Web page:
What To Feed Your Cattle

For dairy and beef cattle, there isn’t a single formula that provides an ideal diet. While there are guidelines for nutrition you should follow, the feedstuffs you choose will depend on your farm and what is available.

Dairy Cattle

Successfully manage a dairy cow’s diet and nutrition by remembering that it will change as her stage of milk production changes. About 60 days prior to calving, a dairy cow that is being milked should be dried off. Her intake will decrease, and the quality of the feed she is consuming can decrease as well. Keeping her body condition score at a 3.5 (on a scale of 1 to 5) and feeding the correct ratio of vitamins and minerals is important. Cows that freshen overweight or with incorrect vitamin and mineral balances tend to have more issues with dystocia, milk fever and ketosis. (See a list of dairy terminology below.)

At calving, most cows require more energy than they can consume and consequently lose body condition. This means a high-energy feed is needed until her milk production peaks, 45 to 60 days postpartum. Metabolic problems can be deadly during this stage so correct diets and nutrition that includes balanced energy, vitamins and mineral are essential.

See the chart below for a table which outlines nutrient guidelines for cows during various stages of lactation. The amounts given in the table are going to vary depending on age, breed and history. Not all required nutrients are listed; always consult with a nutritionist or veterinarian about cow diets.

Dairy Definitions

Dry Off: Causing a dairy cow to stop producing milk in order to freshen for her new calf
Dystocia: Delayed or difficult calving
Freshen: The start of a cow’s milk production
Ketosis: A metabolic disorder where energy demands exceed energy intake
Milk Fever: A disorder caused by low blood calcium in pregnant cows close to calving

Beef Cattle

There are two stages to raising beef cattle intended for food: growing and finishing. The growing stage occurs after weaning and before finishing. The ideal diet during this time is very simple: Typical growing diets on a small farm consist of a forage source and a mineral supplement, which is not the same as a salt block. Important for nutrition during this stage is protein. Protein should be about 12 percent of the diet, and your forage may contain a good portion of that. For example, alfalfa hay is a good source of protein. Supplying a mineral supplement is crucial to ensure your cattle are receiving essential amino acids, vitamins and minerals.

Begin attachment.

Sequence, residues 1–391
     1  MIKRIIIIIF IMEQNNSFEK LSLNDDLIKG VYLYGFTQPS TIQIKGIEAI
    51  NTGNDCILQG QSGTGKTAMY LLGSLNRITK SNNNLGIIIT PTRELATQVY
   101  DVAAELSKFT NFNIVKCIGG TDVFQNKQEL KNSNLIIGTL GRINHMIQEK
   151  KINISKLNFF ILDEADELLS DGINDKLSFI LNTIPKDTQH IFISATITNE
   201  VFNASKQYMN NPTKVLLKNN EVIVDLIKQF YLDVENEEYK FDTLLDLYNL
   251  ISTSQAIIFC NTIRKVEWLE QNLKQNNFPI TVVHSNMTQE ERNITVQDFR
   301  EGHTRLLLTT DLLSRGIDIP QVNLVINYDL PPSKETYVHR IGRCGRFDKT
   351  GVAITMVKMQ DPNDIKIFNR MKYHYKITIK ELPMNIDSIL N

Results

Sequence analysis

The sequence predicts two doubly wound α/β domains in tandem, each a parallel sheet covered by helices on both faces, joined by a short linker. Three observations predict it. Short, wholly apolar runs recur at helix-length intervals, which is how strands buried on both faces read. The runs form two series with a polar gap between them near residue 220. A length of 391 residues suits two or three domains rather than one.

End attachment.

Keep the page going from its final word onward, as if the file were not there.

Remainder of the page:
A finishing diet typically starts 60 to 90 days before you intend to harvest the animal. The diet during this time can vary depending on your farm and your production goals; it may even be that you keep the growing and finishing diets the same.

The most common way that hobby farmers want to finish beef cattle is on pasture. If this is also how you grew your cattle, no diet changes are necessary. Grass-finished cattle produce meat that is leaner, tougher and has a distinct grassy flavor. If you would prefer a more marbled, tender and less grassy taste, you will want to finish partially with grain. If you only want to finish with a little bit of grain to take off the grassy edge, feed at about 10 to 20 percent of the diet. More grain in the diet will yield more marbling.

It will take consulting with a nutritionist or veterinarian and some trial and error to come up with the ideal diet for dairy and beef cattle on your farm. There is never just one right answer to animal husbandry, especially when it comes to nutrition. In the end, feeding healthy, happy animals is what matters most.

by Alli Kelley Hobby farms

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